August 19, 2016

Discussion to focus on Australian murder case

by Pete Rosenbery

CARBONDALE, Ill. -- A high-profile case of an Australian woman wrongly convicted of the death of her daughter will be discussed at the SIU School of Law next week. 

John Bryson, a former Australian solicitor and barrister who wrote the internationally acclaimed, “Evil Angels,” published as “A Cry in the Dark” in the United States, will provide insights during a discussion from 12:15 to 1:30 p.m., Tuesday, Aug. 23, in Southern Illinois University Carbondale’s Hiram H. Lesar Law Building Courtroom. The event is open to the public. Lunch will be provided with an RSVP, which is available at

Media Advisory

Reporters, photographers and news crews are welcome to cover the discussion. John Bryson will be available for interviews. To arrange an interview, contact Alicia Ruiz, the law school’s director of communication and outreach, at 618/453-8700.

Bryson’s book chronicles the trials of Lindy Chamberlain-Creighton, whose nine-week old daughter, Azaria, was taken by a dingo from the family campsite in August 1980.  An initial inquest determined the child died by a wild dog or dingo attack, but a second inquest led to charges against Chamberlain-Creighton and her then husband, Michael. In October 1982, Chamberlain-Creighton was convicted of first-degree murder and sentenced to life in prison while Michael Chamberlain was convicted of being an accessory after the fact and received an 18-month suspended sentence. Bryson’s book, and the discovery of the child’s jacket during an unrelated search for a fallen climber, helped secure Chamberlain-Creighton’s release in 1986. It was another 26 years before a coroner declared that Azaria died as a result of being taken by a dingo.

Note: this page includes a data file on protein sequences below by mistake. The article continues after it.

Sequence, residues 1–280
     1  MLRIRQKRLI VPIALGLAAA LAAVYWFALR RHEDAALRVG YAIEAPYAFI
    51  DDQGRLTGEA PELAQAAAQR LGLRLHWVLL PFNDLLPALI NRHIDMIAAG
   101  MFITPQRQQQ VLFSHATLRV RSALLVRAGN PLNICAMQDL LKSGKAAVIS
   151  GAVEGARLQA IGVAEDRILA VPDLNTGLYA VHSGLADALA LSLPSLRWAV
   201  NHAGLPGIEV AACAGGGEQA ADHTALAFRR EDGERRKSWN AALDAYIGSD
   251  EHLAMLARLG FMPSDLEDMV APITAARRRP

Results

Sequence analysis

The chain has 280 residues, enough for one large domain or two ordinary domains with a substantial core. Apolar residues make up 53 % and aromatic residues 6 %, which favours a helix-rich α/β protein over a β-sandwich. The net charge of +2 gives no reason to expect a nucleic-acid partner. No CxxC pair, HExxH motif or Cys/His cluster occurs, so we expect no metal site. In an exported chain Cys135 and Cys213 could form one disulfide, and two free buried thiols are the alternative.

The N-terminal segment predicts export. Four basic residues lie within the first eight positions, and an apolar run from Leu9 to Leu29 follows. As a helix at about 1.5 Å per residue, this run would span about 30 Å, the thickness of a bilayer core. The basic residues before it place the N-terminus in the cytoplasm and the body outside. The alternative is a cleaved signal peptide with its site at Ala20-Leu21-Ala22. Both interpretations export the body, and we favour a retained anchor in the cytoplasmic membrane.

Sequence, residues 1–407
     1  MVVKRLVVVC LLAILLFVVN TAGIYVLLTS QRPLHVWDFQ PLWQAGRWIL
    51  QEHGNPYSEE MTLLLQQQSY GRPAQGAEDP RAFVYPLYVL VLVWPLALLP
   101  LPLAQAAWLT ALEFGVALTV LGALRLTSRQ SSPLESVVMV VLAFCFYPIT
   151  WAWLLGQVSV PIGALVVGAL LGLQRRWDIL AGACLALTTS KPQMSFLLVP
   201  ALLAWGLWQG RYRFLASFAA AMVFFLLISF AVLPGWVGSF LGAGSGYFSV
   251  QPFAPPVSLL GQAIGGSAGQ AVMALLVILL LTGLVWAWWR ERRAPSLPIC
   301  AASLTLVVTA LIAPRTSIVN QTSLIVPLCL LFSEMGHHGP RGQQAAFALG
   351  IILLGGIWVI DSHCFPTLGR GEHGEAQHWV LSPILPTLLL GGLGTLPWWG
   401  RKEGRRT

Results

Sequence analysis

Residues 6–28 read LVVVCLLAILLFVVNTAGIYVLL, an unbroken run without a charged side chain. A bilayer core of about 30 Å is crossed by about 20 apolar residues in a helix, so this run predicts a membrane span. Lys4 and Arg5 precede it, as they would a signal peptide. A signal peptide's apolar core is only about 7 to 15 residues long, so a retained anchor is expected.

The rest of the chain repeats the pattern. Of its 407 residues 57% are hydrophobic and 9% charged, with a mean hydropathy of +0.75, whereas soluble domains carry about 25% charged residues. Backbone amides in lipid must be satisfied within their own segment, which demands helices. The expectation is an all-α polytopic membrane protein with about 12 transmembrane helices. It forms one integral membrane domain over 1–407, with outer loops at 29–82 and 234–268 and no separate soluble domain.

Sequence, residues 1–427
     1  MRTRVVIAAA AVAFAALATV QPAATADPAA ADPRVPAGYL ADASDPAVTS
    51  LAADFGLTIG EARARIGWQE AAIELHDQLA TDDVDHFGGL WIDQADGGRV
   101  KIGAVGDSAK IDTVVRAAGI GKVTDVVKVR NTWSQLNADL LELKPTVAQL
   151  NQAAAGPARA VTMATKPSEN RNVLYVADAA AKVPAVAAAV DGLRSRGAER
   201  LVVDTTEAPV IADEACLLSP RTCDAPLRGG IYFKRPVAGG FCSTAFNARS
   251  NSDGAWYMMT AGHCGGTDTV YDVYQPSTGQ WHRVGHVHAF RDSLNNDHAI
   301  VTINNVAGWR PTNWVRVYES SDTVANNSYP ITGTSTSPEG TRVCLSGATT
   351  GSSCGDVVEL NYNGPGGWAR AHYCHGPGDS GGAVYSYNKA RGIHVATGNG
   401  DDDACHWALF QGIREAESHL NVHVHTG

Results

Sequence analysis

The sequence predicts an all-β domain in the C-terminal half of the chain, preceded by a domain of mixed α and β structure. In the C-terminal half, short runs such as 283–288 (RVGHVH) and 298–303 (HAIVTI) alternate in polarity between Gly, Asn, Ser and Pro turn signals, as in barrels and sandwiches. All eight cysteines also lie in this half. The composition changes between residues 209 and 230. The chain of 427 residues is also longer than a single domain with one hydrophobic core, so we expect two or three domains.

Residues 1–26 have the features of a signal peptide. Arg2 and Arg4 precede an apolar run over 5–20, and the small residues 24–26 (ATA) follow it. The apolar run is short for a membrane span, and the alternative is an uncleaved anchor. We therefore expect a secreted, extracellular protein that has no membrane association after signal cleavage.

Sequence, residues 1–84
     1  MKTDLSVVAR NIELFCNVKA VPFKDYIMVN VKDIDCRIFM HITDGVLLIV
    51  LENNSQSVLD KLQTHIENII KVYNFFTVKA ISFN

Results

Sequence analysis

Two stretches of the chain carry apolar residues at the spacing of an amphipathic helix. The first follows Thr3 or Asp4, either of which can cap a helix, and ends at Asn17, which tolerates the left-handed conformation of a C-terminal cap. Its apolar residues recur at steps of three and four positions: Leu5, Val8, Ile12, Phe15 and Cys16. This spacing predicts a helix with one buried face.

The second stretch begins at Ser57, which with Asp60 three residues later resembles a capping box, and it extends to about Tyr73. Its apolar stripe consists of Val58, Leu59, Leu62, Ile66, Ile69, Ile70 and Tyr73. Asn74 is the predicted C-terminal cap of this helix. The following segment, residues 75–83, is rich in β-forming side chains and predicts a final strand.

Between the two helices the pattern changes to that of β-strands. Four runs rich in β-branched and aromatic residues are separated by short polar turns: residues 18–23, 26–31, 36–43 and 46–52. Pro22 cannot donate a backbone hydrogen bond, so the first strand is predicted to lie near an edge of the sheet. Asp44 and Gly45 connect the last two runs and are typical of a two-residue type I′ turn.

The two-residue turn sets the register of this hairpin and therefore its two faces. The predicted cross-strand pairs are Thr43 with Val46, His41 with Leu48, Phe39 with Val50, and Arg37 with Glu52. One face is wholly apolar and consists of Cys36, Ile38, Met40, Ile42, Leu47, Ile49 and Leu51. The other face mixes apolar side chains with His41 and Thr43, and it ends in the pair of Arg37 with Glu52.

Bryson’s book, published in 1985, was released as a 1988 film, “A Cry in the Dark,” starring Meryl Streep and Sam Neill. 

There will also be a discussion of the influence of the media in reporting on criminal investigations.

The media can “improperly influence and unjustly influence outcomes,” Lucian E. Dervan, law school associate professor, said. Erica Nichols Cook, an adjunct professor and supervisor of the law school’s Innocence Project Externship, will discuss how the media can contribute to both convictions and exonerations, the media’s influence into investigations in the United States, and the Innocence Project. 

Dervan hopes the audience will gain a greater appreciation of the dangers of pre-judging cases and take a more critical look at the media’s role in the criminal justice system. 

“I hope the audience looks at this tragedy and realizes that criminal cases are not always as they appear,” he said. “The Lindy Chamberlain case is one in which an innocent woman was convicted of a crime not based on evidence, but, instead, based on rumors and speculation that proved to be false.”